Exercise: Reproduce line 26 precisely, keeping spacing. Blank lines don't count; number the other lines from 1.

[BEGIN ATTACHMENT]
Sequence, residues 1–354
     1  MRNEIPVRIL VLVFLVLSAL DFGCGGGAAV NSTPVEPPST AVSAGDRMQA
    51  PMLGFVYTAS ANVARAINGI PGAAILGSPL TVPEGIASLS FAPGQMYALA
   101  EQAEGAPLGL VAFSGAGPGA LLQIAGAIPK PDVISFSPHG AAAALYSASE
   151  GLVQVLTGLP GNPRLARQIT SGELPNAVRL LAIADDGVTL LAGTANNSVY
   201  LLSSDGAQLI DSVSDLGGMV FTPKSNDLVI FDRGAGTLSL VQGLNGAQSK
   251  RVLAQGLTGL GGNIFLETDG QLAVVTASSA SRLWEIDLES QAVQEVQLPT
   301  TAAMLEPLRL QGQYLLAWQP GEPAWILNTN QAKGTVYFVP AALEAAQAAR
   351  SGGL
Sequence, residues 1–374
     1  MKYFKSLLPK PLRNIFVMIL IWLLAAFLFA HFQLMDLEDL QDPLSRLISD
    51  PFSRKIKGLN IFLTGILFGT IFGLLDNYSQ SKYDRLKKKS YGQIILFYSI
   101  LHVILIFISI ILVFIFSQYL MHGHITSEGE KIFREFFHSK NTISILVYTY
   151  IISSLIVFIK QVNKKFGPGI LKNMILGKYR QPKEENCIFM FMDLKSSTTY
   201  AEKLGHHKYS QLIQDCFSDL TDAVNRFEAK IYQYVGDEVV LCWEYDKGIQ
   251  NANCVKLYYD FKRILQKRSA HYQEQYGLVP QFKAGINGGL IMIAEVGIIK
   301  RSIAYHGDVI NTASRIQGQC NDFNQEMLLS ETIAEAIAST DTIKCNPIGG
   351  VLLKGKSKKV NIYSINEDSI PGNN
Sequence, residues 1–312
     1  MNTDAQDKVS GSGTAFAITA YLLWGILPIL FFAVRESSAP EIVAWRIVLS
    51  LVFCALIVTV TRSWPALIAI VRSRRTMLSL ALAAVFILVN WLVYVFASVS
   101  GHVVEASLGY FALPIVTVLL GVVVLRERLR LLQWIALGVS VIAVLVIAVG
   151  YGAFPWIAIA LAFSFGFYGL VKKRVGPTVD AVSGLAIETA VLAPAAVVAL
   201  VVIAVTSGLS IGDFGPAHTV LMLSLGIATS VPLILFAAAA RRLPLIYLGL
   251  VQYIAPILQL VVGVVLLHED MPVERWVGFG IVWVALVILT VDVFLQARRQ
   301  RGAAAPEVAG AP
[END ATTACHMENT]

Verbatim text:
   301  RGAAAPEVAG AP